Jurgen Kremb, the accredited Peking correspondent for Der Spiegel, said he had been given 48 hours to leave the country after earlier being served with an arrest warrant, which charged him with possessing "state secrets".
Mr Kremb, 41, said state security officials had come to his office yesterday. "They stormed into my office, pressed me against the wall, shouted at me and read a document in Chinese saying I had a bad attitude and accusing me of violating the law," he said. The arrest warrant had been delivered the previous day.
Mr Kremb, a long-time Peking resident, has reported extensively on China's dissidents and is close to the family of Wei Jingsheng, the exiled political activist. It is the second time within weeks that a foreign journalist has been thrown out. Last month, a Japanese reporter from the Yomiuri Shimbun newspaper was ordered to leave after being accused of buying state secrets.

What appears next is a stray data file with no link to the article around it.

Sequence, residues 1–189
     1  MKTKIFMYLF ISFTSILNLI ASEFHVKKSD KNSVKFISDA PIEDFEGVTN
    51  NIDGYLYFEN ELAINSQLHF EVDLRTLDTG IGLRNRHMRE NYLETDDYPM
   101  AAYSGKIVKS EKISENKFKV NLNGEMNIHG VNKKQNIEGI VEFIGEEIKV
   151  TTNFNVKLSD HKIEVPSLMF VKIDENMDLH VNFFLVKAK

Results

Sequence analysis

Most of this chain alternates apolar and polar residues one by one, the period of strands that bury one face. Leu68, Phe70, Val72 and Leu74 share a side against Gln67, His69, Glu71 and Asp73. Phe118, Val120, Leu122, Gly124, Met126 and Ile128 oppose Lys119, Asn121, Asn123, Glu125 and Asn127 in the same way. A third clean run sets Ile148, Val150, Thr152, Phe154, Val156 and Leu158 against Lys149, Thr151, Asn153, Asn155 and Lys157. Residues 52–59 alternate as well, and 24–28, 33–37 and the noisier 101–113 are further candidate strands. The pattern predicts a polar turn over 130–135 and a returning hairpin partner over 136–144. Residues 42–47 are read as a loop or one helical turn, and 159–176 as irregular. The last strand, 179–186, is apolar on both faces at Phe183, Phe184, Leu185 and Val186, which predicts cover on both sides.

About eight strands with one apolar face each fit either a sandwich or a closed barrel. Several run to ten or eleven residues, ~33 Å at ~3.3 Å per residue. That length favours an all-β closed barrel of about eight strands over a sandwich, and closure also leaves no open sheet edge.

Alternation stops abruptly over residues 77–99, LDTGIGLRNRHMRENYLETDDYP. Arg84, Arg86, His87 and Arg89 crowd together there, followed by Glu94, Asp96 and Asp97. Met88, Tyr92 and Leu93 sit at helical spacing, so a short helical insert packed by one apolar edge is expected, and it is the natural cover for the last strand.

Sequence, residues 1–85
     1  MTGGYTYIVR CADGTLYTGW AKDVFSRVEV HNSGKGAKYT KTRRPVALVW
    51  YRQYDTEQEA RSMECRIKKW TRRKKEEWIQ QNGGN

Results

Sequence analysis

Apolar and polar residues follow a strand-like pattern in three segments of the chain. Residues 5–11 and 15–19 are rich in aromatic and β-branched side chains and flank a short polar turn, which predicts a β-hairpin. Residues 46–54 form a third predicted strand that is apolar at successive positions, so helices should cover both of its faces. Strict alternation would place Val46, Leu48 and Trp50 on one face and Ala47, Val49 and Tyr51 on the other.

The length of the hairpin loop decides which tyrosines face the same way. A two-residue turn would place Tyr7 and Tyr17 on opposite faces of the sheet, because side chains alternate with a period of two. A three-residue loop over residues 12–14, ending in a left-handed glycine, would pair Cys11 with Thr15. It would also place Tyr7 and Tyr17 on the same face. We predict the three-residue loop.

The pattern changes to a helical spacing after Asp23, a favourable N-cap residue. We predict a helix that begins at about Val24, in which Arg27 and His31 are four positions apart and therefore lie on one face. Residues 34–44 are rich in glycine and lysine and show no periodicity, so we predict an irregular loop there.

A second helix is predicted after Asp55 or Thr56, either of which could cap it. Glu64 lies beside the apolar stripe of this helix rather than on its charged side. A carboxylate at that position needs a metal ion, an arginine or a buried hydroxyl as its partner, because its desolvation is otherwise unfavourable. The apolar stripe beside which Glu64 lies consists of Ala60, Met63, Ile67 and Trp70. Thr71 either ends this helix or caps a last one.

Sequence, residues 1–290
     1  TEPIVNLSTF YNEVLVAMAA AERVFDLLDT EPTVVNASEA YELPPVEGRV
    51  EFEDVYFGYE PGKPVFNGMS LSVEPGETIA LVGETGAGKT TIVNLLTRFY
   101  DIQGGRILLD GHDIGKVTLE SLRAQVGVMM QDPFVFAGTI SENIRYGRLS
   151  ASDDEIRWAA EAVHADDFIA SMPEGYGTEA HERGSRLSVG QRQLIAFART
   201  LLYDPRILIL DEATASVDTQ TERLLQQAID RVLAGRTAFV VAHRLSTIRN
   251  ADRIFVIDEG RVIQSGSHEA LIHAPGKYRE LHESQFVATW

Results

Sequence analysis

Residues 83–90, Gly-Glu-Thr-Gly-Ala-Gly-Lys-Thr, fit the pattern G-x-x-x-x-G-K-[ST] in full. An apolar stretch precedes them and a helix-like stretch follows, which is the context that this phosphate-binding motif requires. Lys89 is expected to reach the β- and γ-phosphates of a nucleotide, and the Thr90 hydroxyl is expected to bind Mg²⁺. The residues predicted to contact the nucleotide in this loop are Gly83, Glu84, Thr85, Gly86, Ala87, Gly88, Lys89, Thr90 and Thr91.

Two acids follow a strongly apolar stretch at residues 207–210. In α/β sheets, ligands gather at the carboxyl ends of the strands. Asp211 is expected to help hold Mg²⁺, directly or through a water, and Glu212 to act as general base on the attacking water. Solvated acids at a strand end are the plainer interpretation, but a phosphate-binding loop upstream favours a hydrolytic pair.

Such expulsions are usually interpreted as Peking's warning to resident reporters to watch their step. Three years ago another German journalist was forced to leave when China refused to renew his visa and press credentials after articles critical of Li Peng, then prime minister. In 1991, The Independent's correspondent, Andrew Higgins, was expelled.
In this latest case, the Chinese authorities seemed to have wanted to make a point. Mr Kremb was due to finish his posting at the end of December, and had already moved his family to Singapore. So China could have quietly let him leave, and then later refused to issue him with any visiting visas.
The Foreign Ministry said yesterday: "Kremb illegally possessed secret Chinese documents in violation of the law." In practice, almost anything can be classified as "secret".Reuse content